John Roska: Giving up parental rights

John Roska: Giving up parental rights

Q: My children's father won't pay support or visit them. He says he'd sign papers to give up his parental rights. Is that possible? Does it just take his signature on some form? Do I need a lawyer?

A: One parent's surrender of their parental rights isn't enough. Someone else must take their place. You're out of luck unless somebody else will adopt your kids when their father's rights are terminated.

That's because the law wants all kids to have two parents. At the same time, being a parent is a basic right that the law strongly protects. Judges are therefore very careful about terminating a parent's rights and avoid it if it would leave a child with only one parent.

So it's not easy to terminate someone's parental rights. If all it took was one parent signing away their rights, deadbeats wanting to avoid child support would line up ready to sign.

Juvenile court is the one place where one parent can lose their rights, without someone else assuming those rights. But that takes serious abuse and neglect. And juvenile cases are filed by the state. You can't file one or have a lawyer file one for you.

You can file your own adoption case, if someone's willing to adopt with you. If the kids' father will sign a surrender of his parental rights, that adoption case will go much easier.

You could even file for adoption without the other parent's consent to the termination of their parental rights. But you'd then need to prove the other parent unfit. The Adoption Act has a long list of what makes a parent unfit.

If you're married, your current spouse must join in your petition to adopt. Stepparent adoptions are common.

If you're not married, it'll probably be harder for a nonspouse to become your kids' adoptive parent. Many judges would be reluctant to make someone an adoptive parent if that person weren't willing to marry the children's biological parent.

Because parental rights are so important and protected, you must follow the adoption law very carefully. You really need an experienced adoption lawyer. Doing it yourself risks not getting it done at all or having it unravel later on because it wasn't done just right.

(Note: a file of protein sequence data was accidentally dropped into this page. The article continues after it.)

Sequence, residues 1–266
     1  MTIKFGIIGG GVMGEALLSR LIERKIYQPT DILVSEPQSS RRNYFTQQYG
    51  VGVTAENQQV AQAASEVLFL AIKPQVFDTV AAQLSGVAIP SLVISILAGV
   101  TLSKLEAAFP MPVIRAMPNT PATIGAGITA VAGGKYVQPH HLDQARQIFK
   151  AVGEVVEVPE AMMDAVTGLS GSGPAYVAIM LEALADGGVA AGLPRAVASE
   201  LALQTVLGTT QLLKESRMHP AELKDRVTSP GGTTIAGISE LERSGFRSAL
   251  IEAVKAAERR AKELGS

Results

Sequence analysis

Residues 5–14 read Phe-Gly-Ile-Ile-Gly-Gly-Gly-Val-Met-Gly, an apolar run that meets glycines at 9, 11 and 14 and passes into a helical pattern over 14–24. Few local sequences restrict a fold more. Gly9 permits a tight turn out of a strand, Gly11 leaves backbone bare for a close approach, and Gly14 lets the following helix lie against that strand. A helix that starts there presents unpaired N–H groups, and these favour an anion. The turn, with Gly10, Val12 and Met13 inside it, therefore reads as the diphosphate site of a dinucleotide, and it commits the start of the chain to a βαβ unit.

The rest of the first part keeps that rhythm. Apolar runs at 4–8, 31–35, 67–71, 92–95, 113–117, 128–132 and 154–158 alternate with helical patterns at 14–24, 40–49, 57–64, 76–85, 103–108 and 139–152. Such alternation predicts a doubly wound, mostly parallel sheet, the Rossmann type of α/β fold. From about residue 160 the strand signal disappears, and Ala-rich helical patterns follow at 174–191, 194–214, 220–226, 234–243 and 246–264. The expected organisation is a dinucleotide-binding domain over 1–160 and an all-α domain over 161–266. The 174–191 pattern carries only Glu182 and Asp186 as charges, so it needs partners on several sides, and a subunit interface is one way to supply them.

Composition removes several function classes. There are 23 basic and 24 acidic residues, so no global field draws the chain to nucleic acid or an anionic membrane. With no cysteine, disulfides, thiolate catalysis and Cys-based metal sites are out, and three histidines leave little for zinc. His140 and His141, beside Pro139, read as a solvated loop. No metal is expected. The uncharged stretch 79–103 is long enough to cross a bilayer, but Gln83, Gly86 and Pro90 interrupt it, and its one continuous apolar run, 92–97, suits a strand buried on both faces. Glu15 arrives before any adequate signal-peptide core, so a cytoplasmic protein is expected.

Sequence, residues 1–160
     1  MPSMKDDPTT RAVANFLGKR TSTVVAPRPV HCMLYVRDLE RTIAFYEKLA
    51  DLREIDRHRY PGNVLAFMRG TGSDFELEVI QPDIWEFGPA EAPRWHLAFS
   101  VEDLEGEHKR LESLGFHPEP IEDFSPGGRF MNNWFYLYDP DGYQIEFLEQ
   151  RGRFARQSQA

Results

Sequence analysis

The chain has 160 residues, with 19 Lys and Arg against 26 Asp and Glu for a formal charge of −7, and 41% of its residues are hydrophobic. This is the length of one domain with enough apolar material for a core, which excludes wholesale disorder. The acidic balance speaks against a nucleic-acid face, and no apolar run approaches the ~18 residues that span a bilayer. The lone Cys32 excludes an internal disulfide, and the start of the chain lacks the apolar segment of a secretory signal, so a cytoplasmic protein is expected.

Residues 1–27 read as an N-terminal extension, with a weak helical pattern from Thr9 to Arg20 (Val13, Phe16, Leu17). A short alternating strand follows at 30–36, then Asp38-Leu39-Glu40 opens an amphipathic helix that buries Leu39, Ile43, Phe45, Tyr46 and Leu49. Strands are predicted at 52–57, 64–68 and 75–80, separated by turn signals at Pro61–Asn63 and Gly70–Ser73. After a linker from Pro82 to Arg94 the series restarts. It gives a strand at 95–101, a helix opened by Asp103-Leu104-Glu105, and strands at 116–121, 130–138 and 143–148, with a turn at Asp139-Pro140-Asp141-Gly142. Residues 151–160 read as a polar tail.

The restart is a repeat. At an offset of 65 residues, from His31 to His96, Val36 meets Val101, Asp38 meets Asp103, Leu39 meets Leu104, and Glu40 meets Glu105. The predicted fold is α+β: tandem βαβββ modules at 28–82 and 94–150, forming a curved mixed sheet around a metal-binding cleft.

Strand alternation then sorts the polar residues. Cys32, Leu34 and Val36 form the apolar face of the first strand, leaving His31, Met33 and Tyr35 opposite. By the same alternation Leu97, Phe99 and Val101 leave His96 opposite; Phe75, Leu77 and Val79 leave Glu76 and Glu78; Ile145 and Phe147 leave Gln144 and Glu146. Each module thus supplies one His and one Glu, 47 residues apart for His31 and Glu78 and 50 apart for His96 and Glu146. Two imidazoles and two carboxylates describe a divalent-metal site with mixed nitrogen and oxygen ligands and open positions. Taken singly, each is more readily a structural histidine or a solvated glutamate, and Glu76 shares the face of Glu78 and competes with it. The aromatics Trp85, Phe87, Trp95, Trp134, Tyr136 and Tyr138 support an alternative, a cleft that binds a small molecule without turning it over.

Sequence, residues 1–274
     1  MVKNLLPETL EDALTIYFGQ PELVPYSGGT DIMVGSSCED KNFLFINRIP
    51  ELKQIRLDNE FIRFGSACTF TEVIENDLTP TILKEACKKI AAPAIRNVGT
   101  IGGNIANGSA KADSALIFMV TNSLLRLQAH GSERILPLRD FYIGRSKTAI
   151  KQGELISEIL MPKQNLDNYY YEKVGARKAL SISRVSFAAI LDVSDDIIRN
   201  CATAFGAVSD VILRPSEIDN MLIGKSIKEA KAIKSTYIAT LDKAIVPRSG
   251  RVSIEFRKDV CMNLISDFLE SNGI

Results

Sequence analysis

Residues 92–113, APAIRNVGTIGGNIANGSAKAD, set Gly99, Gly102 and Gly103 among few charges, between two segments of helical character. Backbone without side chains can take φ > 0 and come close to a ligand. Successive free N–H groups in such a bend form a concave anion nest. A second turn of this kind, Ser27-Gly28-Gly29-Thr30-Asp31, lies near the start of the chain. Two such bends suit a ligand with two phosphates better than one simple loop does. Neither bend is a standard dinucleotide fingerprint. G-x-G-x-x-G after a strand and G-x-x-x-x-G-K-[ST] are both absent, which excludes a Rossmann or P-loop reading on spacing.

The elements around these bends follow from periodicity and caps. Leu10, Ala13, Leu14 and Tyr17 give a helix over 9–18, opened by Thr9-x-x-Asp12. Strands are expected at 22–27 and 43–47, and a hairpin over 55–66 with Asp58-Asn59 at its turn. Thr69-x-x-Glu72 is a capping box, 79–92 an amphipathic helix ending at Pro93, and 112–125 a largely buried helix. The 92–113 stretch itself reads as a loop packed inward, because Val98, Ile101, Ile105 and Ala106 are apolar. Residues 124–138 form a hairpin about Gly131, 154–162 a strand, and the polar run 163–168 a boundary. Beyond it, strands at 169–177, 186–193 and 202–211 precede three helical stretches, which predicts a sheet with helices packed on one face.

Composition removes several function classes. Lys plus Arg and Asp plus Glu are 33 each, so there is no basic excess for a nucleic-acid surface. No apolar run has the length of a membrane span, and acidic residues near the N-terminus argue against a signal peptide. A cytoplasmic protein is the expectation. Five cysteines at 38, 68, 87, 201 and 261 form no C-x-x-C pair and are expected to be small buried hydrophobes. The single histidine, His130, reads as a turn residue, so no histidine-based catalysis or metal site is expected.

In a successful stepparent adoption, the stepparent replaces the biological parent. Terminating that biological parent's rights means they're no longer a parent. They don't have to pay child support and don't have visitation rights. The kids can't inherit, either.

The adoptive stepparent steps into the biological parent's shoes. They're no longer a stepparent and don't just become some kind of "parent-lite." They're a full, legal parent. They should fully understand what they're getting into.

Upon divorce, adoptive parents can seek custody and be required to pay support. (Officially, custody is now "allocation of parental responsibilities.")

So one parent's willingness to sign away their parental rights doesn't mean much unless there's someone else ready to fill their shoes.

John Roska is a lawyer with Land of Lincoln Legal Assistance Foundation. You can send your questions to The Law Q&A, 302 N. First St., Champaign, IL 61820.

Sections (1):Living

Comment viewing options

Select your preferred way to display the comments and click "Save settings" to activate your changes.
rsp wrote on November 05, 2017 at 1:11 pm

If the custodial parent dies it will also limit options for the kids of who will be best to care for them. Just because the father is absent doesn't necessarily mean his whole family is uninterested, or that the kids will never want to know him or his family.

My cousins were adopted by their stepfather and are still angry at their father for abandoning them decades ago. It never resolved things for the kids.